Guinea defies virus for vote that could keep leader in power

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The West African nation of Guinea is defying the coronavirus pandemic to hold a controversial referendum on Sunday that could allow the president to stay longer in power

CONAKRY, Guinea —
The West African nation of Guinea is defying the coronavirus pandemic to hold a controversial referendum Sunday that could allow the president to stay longer in power.

Nearly 5 million voters are registered for the vote, which also will choose 14 National Assembly members. President Alpha Conde, whose second and currently final term ends in December, might win the chance to stand for two more seven-year terms.

Some civil society groups urge authorities to postpone the vote until the end of the pandemic. Guinea has two cases of the virus, according to the National Agency for Health Security.

However, the ruling party has said the cases cannot prevent the rest of the county from voting. The election won’t spread the virus, spokesman Amadou Damaro Camara said.

A coalition of opposition and civil society groups, the National Front for the Defense of the Constitution, which has been demonstrating against the referendum, has called for another demonstration on Saturday and Sunday against the election.

When asked if calling for mass gatherings was the right thing to do amid a pandemic, the coalition’s spokesman Sekou Koundouno said they had no other choice. They have said this year they will use all means necessary to prevent the vote on a referendum. More than 36 people have died in demonstrations against the referendum since October, along with at least one gendarme.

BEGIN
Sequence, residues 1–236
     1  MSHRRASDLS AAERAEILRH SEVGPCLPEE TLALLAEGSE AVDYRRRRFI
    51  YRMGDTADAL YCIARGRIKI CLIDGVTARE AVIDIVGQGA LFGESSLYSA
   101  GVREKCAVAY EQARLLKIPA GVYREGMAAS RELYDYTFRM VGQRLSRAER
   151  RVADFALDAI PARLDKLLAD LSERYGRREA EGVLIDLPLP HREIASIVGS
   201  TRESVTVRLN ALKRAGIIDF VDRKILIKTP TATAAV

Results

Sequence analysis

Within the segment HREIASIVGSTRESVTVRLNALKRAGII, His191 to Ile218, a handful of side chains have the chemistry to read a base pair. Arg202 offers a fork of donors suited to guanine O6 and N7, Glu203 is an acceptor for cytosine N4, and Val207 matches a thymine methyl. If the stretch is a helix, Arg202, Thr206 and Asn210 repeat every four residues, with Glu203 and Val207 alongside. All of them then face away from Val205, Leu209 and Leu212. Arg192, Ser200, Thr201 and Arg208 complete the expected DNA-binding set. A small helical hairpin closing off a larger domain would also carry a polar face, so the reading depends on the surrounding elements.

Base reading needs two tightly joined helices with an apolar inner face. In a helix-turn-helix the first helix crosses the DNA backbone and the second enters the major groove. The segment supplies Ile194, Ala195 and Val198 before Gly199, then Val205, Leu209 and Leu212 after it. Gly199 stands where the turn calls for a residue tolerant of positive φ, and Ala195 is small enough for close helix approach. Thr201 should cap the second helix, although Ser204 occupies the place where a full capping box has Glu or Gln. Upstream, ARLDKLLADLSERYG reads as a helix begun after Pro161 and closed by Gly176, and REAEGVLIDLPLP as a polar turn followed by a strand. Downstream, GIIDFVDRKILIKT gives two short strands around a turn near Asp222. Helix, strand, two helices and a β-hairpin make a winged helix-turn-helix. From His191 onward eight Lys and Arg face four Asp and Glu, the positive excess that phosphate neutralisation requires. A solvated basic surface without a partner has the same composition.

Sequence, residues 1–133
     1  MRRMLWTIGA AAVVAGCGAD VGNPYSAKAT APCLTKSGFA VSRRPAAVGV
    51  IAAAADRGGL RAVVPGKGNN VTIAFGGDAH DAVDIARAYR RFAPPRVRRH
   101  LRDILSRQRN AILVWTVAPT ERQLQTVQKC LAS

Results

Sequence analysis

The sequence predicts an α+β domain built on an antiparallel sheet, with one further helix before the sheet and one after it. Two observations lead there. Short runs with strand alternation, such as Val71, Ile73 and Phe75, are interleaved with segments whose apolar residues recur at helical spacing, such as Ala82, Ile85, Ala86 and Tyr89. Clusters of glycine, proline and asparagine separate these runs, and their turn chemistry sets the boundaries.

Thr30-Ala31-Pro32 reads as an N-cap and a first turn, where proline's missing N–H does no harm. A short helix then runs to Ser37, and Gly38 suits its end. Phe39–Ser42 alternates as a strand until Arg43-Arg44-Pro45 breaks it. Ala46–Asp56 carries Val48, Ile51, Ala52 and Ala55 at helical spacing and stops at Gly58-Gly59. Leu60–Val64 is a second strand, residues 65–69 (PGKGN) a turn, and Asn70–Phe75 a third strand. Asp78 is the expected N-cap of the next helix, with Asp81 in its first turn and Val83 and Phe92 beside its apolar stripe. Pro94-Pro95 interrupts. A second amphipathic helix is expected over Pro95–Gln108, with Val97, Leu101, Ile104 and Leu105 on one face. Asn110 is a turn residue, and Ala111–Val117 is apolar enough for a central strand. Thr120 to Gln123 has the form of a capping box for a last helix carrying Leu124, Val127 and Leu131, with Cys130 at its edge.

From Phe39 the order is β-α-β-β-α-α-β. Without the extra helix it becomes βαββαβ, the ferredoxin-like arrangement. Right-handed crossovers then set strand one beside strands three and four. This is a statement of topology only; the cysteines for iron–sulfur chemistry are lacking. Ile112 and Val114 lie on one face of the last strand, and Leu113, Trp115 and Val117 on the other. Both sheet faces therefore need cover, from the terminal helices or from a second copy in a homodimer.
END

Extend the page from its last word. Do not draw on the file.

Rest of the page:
“It is up to the government to take all practical health measures against coronavirus. It is not up to a social entity like (us),” he said.

U.N. Secretary-General Antonio Guterres took note of Conde’s decision and called on all parties “to ensure a peaceful and transparent process,” U.N. spokesman Stephane Dujarric said late Friday.

The U.N. chief reiterated his call “for a constructive dialogue between the government, the opposition and civil society that seeks to achieve consensus through an inclusive process” and said the U.N. is ready to support such efforts, Dujarric said.

Conde, first elected in 2010, is barred from running for a third term under the constitution. While the amended constitution would keep a two-term limit and increase terms from five years to seven, Conde has implied that his previous terms served would not count.

Faced with the risk of the virus and potential violence, many residents have left the capital, Conakry.

“I’m going to Sierra Leone. My kids go to school, but I got them out,” said Assiatou Bobo Sow, a clothes merchant surrounded by her children at the train station. “We leave Guinea despite ourselves. But we prefer this to avoid coronavirus or a stray bullet.”

Dr. Sakoba Keita, coordinator of the National Agency for Health Security, asserted that the virus can be avoided during the election if voters keep a meter away from each other.

While many fled, others remained, saying they will vote. Some pointed to the country’s resilience in the devastating Ebola outbreak in 2014-16 that killed well over 10,000 in Guinea, Liberia and Sierra Leone.

“There has been Ebola in Guinea. There are markets, right? People went to school right? People went to mosques, right? To the church, right?” asked Mansa Fofana, a car salesman in Conakry.

“Let’s stop telling us that coronavirus can prevent daylong elections. I ask the president to keep the election date and not postpone it.”



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